and I like these if your trips are only going to be a few days. They are easier to to get on and off the bike than the GiantLoop and if you're a short arse like me it makes swinging your leg over the tall KTM a lot easier. I've owned both the original GiantLoop bag and the new Coyote that has great improvements in terms of zipper access and ease of mounting. Though the Dirt BagZ still mount a lot quicker and easier. Check the 525 as Adventure thread and there are pics of some simple brackets I made up that took thirty minutes to fab up. They are all you need with the DirtBagz and not some expensive custom tubes bent and welded up. Mine are still mounted on the bike, mount to existing bolts, and those brackets have been going for three years without sustaining any damage.


The GiantLoop bags work a charm and are my go to bag when the trip is longer than a couple days. The longest trip I've done unsupported so far is a three country month long off rode ride on the 525 and the Giantloop performed well and was able to handle all I needed for the trip including camping gear.



I used rubber straps to mount my Giantloop as its quicker and more secure than the current Coyote fastening method. I notice on my current Coyote the side pods of the bag flop about a bit, even when battened down. My old strap method was secure enough I could yank on the bag to pull the bike out of mud holes.


Overall the Giantloop products have been fantastic, having said that I would not overlook the DirtBagz if they suit your purposes better and are a short arse.

By far how ever, the product I have been most satisfied with has been the Wolfman Numberplate bag.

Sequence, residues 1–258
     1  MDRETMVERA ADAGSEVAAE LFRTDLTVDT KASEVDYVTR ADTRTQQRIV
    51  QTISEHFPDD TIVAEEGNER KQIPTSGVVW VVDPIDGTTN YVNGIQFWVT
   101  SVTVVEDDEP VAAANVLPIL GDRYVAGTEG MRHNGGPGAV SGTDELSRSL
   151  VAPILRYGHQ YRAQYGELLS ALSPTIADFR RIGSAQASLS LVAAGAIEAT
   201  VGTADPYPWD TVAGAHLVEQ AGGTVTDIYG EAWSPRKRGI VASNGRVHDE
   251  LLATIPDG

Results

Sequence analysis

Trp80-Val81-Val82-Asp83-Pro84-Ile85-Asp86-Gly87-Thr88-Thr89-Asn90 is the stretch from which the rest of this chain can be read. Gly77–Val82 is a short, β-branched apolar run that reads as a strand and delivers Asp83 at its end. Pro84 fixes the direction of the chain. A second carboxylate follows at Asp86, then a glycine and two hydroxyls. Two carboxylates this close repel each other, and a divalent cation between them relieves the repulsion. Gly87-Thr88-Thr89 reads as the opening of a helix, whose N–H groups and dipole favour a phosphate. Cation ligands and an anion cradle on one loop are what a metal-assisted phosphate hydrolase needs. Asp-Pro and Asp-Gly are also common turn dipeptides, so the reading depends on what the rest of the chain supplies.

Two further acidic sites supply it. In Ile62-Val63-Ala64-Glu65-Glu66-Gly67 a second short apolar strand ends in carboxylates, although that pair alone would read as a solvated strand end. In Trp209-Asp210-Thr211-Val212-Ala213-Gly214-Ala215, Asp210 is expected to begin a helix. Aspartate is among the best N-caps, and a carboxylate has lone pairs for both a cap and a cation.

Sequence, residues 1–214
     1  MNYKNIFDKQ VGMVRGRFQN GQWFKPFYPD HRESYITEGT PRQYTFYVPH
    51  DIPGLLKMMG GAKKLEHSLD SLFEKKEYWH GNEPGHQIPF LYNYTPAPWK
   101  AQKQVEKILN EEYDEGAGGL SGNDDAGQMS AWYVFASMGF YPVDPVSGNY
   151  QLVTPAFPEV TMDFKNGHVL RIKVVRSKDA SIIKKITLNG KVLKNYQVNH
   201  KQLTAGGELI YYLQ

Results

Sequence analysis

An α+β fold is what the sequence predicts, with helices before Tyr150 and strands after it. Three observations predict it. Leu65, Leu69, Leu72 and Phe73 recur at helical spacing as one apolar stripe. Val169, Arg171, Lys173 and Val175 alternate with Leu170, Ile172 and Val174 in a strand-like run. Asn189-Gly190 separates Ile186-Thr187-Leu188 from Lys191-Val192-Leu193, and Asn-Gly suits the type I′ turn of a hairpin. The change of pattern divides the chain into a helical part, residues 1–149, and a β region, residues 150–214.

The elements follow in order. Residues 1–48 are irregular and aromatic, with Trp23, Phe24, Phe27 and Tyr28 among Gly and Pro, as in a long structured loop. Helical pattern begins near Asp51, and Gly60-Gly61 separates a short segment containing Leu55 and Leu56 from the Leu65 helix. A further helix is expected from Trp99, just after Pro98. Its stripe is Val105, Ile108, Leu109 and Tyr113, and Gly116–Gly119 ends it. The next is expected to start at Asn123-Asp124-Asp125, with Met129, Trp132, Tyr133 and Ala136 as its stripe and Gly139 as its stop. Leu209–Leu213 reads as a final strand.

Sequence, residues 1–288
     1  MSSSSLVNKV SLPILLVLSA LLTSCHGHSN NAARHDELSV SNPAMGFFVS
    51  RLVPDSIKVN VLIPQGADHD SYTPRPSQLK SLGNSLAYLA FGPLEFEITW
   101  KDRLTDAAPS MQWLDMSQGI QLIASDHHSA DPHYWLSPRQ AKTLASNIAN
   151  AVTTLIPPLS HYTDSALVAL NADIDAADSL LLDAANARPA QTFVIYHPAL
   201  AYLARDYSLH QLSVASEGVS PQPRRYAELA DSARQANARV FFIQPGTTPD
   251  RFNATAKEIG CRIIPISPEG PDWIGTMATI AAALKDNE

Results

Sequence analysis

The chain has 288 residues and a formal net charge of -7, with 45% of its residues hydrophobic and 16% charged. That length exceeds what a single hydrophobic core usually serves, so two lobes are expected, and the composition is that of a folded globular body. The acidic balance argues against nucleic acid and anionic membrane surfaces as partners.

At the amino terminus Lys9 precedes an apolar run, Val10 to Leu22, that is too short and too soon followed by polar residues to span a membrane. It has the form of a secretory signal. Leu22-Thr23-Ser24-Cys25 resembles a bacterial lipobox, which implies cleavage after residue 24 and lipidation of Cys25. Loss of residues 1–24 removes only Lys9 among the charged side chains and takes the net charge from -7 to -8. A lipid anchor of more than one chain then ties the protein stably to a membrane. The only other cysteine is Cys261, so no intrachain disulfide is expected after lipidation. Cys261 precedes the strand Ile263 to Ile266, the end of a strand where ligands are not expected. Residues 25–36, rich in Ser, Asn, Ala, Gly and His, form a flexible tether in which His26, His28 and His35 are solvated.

This bag originally started on my KLX 300 about 5 years ago and is still going strong.




I utilize it to store items I may need quickly like raingear, maps and snacks since I'm a type 1 diabetic. It has been hammered on the trails for many days a week for 5 years, through many countries and still shows no sign of wear and by far the best item for these types of trips I have found.

The Wolfman Enduro tank bag is another option but I hated the thing. It occupies space where I want to be when sliding forward on a dirt bike. When standing my crotch hits the thing. utterly useless for short arses like myself. Used it once and have never used it again.

Enjoy your rides.
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Old 12-06-2010, 09:35 AM   #53
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Quote:
Originally Posted by team ftb View Post

By far how ever, the product I have been most satisfied with has been the Wolfman Numberplate bag.


This bag originally started on my KLX 300 about 5 years ago and is still going strong.




I utilize it to store items I may need quickly like raingear, maps and snacks since I'm a type 1 diabetic. It has been hammered on the trails for many days a week for 5 years, through many countries and still shows no sign of wear and by far the best item for these types of trips I have found.